Thomas Sobocinski, the FBI lead on the team investigating Hunter Biden, spoke with House investigators last week, pushing back on testimony from another agent in the case who said now-special counsel David Weiss was denied that authority and limited from bringing charges in districts beyond Delaware.

“I was consistently aware that David Weiss had the authority in the U.S. to bring the charges where venue presented itself,” Sobocinski told GOP investigators in a transcript obtained by The Hill and other media outlets.

The testimony counters an account from IRS agent David Shapley, who said Weiss both sought and was denied special counsel authority.


Husband of Alaska Rep. Mary Peltola dies in plane crash

Gene Peltola dies in plane crash

Alaska Rep. Mary Peltola's husband died Wednesday morning following a plane crash in the state, according to a statement from her chief of staff.

"He was one of those people that was obnoxiously good at everything. He had a delightful sense of humor that lightened the darkest moments," the statement said of Eugene "Buzzy" Peltola Jr. "We are heartbroken for the family's loss."

Peltola will return to Alaska to be with her family, her chief of staff Anton McParland said.

McParland and Peltola's office did not release additional details about the accident.

Fellow members of Congress have expressed condolences for their Democratic colleague, including Rep. Jamie Raskin, D-Md., who posted on X, formerly Twitter, "Our hearts are broken over this dreadful news."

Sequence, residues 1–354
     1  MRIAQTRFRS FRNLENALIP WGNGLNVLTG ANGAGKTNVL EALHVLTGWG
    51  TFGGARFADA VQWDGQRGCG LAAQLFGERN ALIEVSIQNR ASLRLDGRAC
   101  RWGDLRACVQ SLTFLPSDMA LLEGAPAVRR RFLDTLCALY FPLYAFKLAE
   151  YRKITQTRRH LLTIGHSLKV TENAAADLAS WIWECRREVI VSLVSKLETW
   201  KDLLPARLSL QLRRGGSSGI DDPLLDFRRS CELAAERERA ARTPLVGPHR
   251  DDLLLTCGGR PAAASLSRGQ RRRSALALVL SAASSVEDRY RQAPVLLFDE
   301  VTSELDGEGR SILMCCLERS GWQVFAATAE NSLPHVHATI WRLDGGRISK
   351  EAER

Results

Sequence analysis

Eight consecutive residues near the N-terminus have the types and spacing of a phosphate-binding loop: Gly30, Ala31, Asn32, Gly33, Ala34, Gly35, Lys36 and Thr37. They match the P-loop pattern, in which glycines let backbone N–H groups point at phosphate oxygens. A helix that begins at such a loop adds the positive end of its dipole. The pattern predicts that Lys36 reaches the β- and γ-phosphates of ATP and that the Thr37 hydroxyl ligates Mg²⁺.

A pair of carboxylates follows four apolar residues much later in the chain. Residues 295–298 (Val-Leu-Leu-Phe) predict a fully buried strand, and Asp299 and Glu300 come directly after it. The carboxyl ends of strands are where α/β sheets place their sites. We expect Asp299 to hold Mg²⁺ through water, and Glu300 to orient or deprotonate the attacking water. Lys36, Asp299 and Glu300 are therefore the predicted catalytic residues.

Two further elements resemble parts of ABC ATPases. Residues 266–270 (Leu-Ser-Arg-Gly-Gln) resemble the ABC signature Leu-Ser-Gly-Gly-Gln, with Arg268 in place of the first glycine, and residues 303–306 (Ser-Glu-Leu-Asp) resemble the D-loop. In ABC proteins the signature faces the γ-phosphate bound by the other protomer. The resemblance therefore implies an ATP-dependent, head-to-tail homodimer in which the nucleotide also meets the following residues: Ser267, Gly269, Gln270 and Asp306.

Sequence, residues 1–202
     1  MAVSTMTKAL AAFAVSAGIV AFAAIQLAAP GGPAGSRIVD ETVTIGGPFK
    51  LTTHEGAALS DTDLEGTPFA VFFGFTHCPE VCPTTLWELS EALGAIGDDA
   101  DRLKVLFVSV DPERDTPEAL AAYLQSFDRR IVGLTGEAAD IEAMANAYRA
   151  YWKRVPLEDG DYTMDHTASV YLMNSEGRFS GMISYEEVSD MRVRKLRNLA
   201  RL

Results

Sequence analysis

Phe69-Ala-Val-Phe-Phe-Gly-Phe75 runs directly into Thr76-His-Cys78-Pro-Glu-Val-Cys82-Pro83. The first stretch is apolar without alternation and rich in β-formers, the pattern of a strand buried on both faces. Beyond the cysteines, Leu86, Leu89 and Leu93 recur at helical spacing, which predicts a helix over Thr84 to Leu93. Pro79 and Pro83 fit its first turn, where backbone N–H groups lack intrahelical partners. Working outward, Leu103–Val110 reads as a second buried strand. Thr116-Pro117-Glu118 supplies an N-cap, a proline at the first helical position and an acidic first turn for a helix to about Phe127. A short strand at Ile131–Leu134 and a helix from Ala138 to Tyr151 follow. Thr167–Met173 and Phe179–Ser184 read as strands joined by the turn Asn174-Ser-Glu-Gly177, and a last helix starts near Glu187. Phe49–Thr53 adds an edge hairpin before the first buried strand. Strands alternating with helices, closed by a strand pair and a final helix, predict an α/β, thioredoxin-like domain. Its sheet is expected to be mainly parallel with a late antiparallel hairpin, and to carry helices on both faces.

Speaker McCarthy directs the House to open an impeachment inquiry into President Biden

Speaker McCarthy directs the House to open impeachmentSpeaker Kevin McCarthy announced Tuesday he is directing the U.S. House to open an impeachment inquiry into President Joe Biden over his family’s business dealings, launching historic proceedings ahead of the 2024 election.

McCarthy said that House investigations so far “paint a picture of a culture of corruption” around the Biden family as Republicans probe the business dealings of the president’s son, Hunter Biden, from before the Democratic president took office.

“These are allegations of abuse of power, obstruction and corruption, and they warrant further investigation by the House of Representatives,” McCarthy, R-Calif., said at the Capitol, announcing he was directing the House led by the Oversight Committee “to open a formal impeachment inquiry into President Joe Biden.”

TVNL Comment: McCarthy sold his soul to the extremists in the GOP.  He has no integrity and no backbone.


‘Authoritarian regimes ban books’: Democrats raise alarm at Senate hearing

Authoritarian regimes ban books

A Senate hearing on book bans and censorship on Tuesday spotlighted the growing phenomenon in America and highlighted a partisan split on the issue, with Democrats decrying censorship as Republicans and rightwing activists push for many works to be taken out of schools and libraries, claiming it should be parents’ rights to do so.

Many of the most commonly banned books deal with topics such as racism, sexuality and gender identity. Conservatives also argue that some books, many exploring queer identity and LGBTQ+ themes, include sexually explicit content inappropriate for students. School librarians opposing such book bans have been attacked and harassed.